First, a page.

Exterior view of the International Criminal Court in The Hague, Netherlands.
© 2021 AP Photo/Peter Dejong
A bipartisan United States congressional delegation recently visited The Hague, home to the International Criminal Court (ICC). The trip was unprecedented given the complicated and sometimes hostile history of the United States toward the ICC. The trip could help pave the way for a better US relationship with the court in the future.
This was just the latest development suggesting US lawmakers might begin to tentatively accept a court many had vigorously opposed, with lawmakers from both parties speaking favorably about the court’s investigation in Ukraine. Senator Lindsey Graham, a Republican, led a unanimous Senate resolution supporting “any investigation” into crimes “levied by [Russia’s] President Vladimir Putin,” which would include the ICC investigation. He also met with the ICC prosecutor during a visit to Washington earlier this year.
US policy continues to object to the court’s jurisdiction over US citizens and nationals of other non-ICC member countries. This objection, which lacks a basis in international law, should be set aside. In the meantime, Congress should follow through on renewed interest in the court with legislative fixes that will open the door to future meaningful cooperation with the court across the breadth of its global mandate.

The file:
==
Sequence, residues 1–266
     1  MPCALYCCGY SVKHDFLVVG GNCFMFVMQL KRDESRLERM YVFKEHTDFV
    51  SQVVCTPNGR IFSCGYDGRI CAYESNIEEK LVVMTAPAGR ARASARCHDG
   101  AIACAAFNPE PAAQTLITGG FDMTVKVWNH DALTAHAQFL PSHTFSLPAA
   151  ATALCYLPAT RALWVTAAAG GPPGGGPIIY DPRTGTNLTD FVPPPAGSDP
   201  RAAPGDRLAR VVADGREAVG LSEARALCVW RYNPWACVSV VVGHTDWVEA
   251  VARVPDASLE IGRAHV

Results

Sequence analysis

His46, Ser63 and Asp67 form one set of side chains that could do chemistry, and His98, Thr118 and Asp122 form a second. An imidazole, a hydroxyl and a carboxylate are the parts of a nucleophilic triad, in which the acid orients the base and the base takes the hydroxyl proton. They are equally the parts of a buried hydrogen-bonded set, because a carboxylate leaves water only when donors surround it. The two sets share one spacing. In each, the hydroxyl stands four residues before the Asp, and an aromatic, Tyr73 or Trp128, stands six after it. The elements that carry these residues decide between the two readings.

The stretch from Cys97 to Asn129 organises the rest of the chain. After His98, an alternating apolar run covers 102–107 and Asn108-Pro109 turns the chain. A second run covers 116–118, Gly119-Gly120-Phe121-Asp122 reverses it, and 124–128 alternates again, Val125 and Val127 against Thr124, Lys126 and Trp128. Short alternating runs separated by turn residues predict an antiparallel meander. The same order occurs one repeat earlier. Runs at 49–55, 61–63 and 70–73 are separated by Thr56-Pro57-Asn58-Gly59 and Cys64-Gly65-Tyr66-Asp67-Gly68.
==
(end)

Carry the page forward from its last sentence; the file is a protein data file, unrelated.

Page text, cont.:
Some of the obstacles to greater practical US cooperation with the ICC stem from the amended American Servicemembers’ Protection Act (ASPA), which US officials have interpreted to allow the US to provide limited support to the ICC only in specific cases when a foreign national is “accused of” a serious international crime. While a full repeal of ASPA is unlikely, key revisions should clarify that the US can aid ICC investigations early on, well before there are any “accused.” Other fixes would allow ICC investigators into the US to conduct investigations related to crimes occurring in Ukraine, as proposed by Sen. Graham and Representative Bill Keating, a Democrat, although that fix should extend to crimes committed elsewhere. Legislation should also broaden the types of assistance the US can provide, as envisaged in the draft Senate appropriations bill.
Political rhetoric by lawmakers supporting the ICC’s Ukraine investigation and their interest in the court demonstrated by this trip are important developments. To carve a new constructive path, US lawmakers need to adopt genuine commitments to cooperate with the world’s court of last resort.